Author(s): Zhang J, Middlestadt SE, Ji CY
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Abstract BACKGROUND: Given the increasing importance of obesity in China, prevention interventions encouraging physical activity by middle school students are needed. The purpose of this study is to illustrate how a rapid elicitation method can be used to identify salient consequences, referents, and circumstances about physical activity as perceived by middle school students and to provide suggestions for interventions and quantitative research. METHOD: A theory-based qualitative study using a self-completion elicitation was conducted with 155 students from two middle schools in Beijing, China. Following the Theory of Planned Behavior, six open-ended questions asked students for their perceptions about performing physical activity at least 60 minutes each day: advantages of participating in physical activity; disadvantages of doing so; people who approve of participation; people who disapprove; things that make it easy; and things that make it hard. Content analysis revealed categories of salient consequences, reference groups, and circumstances. RESULTS: While the three most frequently mentioned advantages elicited from the students were physical health consequences (e.g., will strengthen my body (58.7\%)), four of the salient advantages were not (e.g., will improve my grades (12.2\%)). Parents were the most frequently mentioned social referent (42.6\% as approving; 27.7\% as disapproving) when students were asked who might approve or disapprove of their participation. Circumstances perceived to hinder daily physical activity included having too many assignments and not having enough time. CONCLUSION: While many of the beliefs about physical activity elicited from this study were similar to those found with students from England and the US, several were unique to these students from Beijing. The results of this qualitative research suggest that interventions to encourage physical activity among middle school students should address: perceived consequences of physical activity on academic achievement and other factors beyond physical health; barriers of not having enough time and having too many assignments perceived to hinder frequent physical activity; and parental approval. More rigorous research on psychosocial determinants with close-ended items developed from these open-ended data and with larger sample sizes of students is necessary. Research with parents and school staff will be needed to understand the perceptions of these stakeholder groups key to creating the students' social environment.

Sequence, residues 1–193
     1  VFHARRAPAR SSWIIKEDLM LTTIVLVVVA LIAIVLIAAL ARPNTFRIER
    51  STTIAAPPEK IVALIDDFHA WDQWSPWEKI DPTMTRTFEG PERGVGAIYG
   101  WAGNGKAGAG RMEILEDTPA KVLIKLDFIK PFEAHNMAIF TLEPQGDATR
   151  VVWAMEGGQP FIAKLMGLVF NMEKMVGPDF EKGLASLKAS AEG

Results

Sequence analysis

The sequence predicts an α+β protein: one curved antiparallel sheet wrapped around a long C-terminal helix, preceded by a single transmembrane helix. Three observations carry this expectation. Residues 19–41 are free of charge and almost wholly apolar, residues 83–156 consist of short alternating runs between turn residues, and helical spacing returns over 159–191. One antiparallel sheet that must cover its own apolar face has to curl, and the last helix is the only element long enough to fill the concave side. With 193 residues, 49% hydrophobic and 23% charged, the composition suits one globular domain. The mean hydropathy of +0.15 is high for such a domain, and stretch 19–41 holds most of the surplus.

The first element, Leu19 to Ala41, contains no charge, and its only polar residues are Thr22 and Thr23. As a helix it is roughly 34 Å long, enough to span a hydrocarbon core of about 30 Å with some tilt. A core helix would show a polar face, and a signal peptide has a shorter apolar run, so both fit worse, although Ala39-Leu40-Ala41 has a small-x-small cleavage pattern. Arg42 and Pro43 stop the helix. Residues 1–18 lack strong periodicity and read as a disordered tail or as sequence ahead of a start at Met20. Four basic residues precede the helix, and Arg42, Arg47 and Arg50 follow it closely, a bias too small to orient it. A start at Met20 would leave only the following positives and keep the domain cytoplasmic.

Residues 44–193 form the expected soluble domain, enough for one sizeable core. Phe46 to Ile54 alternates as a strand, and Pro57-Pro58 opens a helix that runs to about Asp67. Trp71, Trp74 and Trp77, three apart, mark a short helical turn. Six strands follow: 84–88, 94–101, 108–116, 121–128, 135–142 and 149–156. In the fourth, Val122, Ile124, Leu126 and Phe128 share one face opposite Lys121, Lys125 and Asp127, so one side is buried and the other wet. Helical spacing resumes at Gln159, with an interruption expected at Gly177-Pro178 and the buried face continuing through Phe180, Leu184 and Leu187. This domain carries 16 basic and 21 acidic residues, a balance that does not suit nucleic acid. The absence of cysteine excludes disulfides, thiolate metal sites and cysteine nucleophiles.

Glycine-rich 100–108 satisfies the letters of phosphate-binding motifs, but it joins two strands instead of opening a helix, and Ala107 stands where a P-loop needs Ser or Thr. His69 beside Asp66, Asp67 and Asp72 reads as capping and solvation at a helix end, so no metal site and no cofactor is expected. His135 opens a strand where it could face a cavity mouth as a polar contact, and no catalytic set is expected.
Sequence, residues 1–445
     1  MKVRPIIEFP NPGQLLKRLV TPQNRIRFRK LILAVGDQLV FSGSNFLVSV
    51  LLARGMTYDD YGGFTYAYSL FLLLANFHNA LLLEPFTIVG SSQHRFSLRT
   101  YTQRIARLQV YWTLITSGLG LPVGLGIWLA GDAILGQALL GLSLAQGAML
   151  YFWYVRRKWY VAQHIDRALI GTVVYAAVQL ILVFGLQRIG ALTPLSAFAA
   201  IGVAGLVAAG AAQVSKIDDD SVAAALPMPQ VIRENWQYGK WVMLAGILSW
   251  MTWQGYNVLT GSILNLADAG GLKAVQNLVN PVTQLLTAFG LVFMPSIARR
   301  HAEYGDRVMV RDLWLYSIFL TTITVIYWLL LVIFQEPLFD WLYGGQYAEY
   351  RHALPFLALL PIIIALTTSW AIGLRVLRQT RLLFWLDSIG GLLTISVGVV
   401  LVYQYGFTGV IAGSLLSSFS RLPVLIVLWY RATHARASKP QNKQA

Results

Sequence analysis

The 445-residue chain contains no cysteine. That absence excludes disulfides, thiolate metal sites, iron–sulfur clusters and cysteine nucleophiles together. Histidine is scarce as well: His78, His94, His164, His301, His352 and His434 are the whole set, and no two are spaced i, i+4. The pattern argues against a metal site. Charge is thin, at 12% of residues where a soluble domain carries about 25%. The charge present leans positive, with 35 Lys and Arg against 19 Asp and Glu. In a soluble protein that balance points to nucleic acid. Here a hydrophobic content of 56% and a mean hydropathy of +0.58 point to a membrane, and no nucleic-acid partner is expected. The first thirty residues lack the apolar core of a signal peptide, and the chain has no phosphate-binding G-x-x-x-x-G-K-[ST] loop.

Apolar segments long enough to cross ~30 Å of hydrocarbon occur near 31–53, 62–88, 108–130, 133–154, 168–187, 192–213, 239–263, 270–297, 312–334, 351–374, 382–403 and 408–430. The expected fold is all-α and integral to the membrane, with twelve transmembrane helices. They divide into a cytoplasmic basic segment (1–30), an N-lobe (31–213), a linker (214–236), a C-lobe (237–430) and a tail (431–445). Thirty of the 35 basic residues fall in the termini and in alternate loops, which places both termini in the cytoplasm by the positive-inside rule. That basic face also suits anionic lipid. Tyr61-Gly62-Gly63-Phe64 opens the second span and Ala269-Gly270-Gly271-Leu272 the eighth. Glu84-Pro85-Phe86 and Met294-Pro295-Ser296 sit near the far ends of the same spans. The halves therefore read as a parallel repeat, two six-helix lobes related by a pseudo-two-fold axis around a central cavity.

This article was published in Int J Behav Nutr Phys Act
and referenced in Journal of Antivirals & Antiretrovirals